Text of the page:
Another worthwhile place to check out just 5 miles north of Conwy was the Victorian beach resort town of Llandudno, which had colorful Victorian homes that really reminded us of San FranciscoAnother worthwhile place to check out just 5 miles north of Conwy was the Victorian beach resort town of Llandudno, which had colorful Victorian homes that really reminded us of San Francisco
In addition to Conwy Castle, Conwy also featured well-preserved city walls yielding this view over the town towards the impressive castle itselfIn addition to Conwy Castle, Conwy also featured well-preserved city walls yielding this view over the town towards the impressive castle itself
Looking across the A5 road towards the Swallow Falls HotelLooking across the A5 road towards the Swallow Falls Hotel

Our first look at Swallow Falls from the uppermost lookoutOur first look at Swallow Falls from the uppermost lookout

Portrait view of Swallow Falls from the uppermost lookoutPortrait view of Swallow Falls from the uppermost lookout

More focused look at the main cascading tier of Swallow FallsMore focused look at the main cascading tier of Swallow Falls

Julie and Tahia checking out Swallow Falls from the lookout just below the uppermost oneJulie and Tahia checking out the falls from the lookout just below the uppermost one

The steps leading down to a lower lookout pointThe steps leading down to a lower lookout point

Looking upstream from the lowest lookout towards Swallow FallsLooking upstream from the lowest lookout towards Swallow Falls

Looking down at the context of the lowest lookout at the bottom of the stepsLooking down at the context of the lowest lookout at the bottom of the steps

When we went back through the coin-op turnstile, we saw this guy about to open up the ticket window right next to itWhen we went back through the coin-op turnstile, we saw this guy about to open up the ticket window right next to it


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VIDEOS OF THE FALLS


Checking out the falls from two different lookouts


Bottom up sweep from the coins thrown into the Nantygwryd then leading upstream towards the main tiers of the falls


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DRIVING DIRECTIONS

We stayed at Conwy so we'll describe our driving route from there. Leaving Conwy, we drove east on the Conwy Road (A547) then we turned right and went by three roundabouts as we headed towards Betws-y-Coed [pronounced "BET-us-uh-KOY-eed"] (signs would point the way to the correct exit to take at the roundabouts). Once we got onto the A470, we headed south for about 15 miles (passing through the town of Llanrwst) before turning right onto the A5. Going west for about 2.7 miles through the town of Betws-y-Coed, we would eventually get to the Swallow Falls Hotel, where there was a spacious pay and display car park.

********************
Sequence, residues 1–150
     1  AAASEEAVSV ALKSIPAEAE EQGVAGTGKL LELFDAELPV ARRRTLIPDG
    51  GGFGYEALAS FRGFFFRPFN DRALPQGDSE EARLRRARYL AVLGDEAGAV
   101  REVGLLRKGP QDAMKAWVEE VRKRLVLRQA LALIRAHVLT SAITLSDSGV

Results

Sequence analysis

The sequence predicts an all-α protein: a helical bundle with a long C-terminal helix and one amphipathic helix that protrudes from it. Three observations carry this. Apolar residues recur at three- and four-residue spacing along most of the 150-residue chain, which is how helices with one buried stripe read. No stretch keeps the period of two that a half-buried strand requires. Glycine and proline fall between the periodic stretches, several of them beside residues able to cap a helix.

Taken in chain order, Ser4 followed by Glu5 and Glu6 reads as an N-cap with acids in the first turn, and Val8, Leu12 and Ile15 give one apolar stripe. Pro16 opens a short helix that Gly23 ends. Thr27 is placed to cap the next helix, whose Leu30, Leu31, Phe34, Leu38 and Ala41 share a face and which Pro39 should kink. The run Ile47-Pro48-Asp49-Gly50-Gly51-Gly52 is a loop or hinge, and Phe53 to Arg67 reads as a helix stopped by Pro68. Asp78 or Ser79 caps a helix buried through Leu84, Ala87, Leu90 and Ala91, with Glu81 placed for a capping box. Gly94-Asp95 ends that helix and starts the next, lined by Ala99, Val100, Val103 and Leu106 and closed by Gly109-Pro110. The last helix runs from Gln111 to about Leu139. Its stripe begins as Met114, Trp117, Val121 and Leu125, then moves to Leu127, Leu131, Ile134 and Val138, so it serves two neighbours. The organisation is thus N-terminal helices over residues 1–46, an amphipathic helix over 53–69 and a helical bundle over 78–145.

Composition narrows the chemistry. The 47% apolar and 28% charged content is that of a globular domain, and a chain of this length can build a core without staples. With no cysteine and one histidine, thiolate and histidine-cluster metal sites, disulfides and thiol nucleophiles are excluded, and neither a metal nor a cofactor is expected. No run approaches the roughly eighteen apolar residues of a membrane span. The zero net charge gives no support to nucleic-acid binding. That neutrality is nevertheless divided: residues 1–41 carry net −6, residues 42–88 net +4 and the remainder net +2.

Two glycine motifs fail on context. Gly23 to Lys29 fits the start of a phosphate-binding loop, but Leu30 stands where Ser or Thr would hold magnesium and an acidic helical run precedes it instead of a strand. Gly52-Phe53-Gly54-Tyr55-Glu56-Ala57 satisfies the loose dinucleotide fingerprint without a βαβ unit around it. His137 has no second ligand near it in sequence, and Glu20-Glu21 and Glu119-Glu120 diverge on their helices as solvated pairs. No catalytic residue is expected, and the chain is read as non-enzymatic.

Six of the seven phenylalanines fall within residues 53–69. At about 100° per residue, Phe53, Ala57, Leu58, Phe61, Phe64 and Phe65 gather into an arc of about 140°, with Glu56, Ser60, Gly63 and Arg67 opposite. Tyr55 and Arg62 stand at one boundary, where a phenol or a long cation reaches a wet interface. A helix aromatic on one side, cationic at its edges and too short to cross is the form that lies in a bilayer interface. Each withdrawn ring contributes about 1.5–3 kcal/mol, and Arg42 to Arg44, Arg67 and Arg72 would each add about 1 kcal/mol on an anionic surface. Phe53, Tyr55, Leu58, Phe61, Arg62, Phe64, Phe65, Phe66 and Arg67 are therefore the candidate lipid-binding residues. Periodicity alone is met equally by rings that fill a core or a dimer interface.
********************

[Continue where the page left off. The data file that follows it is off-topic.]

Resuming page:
Apparently since we showed up somewhat early enough, we actually saw people were parking in a limited space for free on the other side of the A5 at a layby, and so we ended up doing the same. Overall, this drive took us on the order of 45 minutes, especially in light of the traffic volume the A470 tended to get plus there were very few opportunities to safely pass slower moving vehicles.

Alternately, a less-busier road (albeit narrower) to take from Conwy would be to go south on the B5106 road for 3.5 miles towards Tyn-y-Groes, then take the single-lane road east to get back onto the A470 going south, or to stay on the B5106 road further south to Llanrwst (11.3 miles). Then follow the A470 to the A5 as directed above.

For some more context, Conwy was 27 miles (about 45 minutes drive) northeast of Caernarfon, 55 miles (over an hour drive) west of Liverpool, 83 miles (2.5 hours drive) north of Aberystwyth, 192 miles (4 hours drive) north of Cardiff, and 259 miles (4.5 hours drive) northwest of London.




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ITINERARIES

For more information about our itineraries involving this waterfall, check out the following links.




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MAP OF THE FALLS



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TRIP REPORTS

For more information about our experiences with this waterfall, check out the following travel stories.




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TRIP PLANNING RESOURCES





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NEARBY WATERFALLS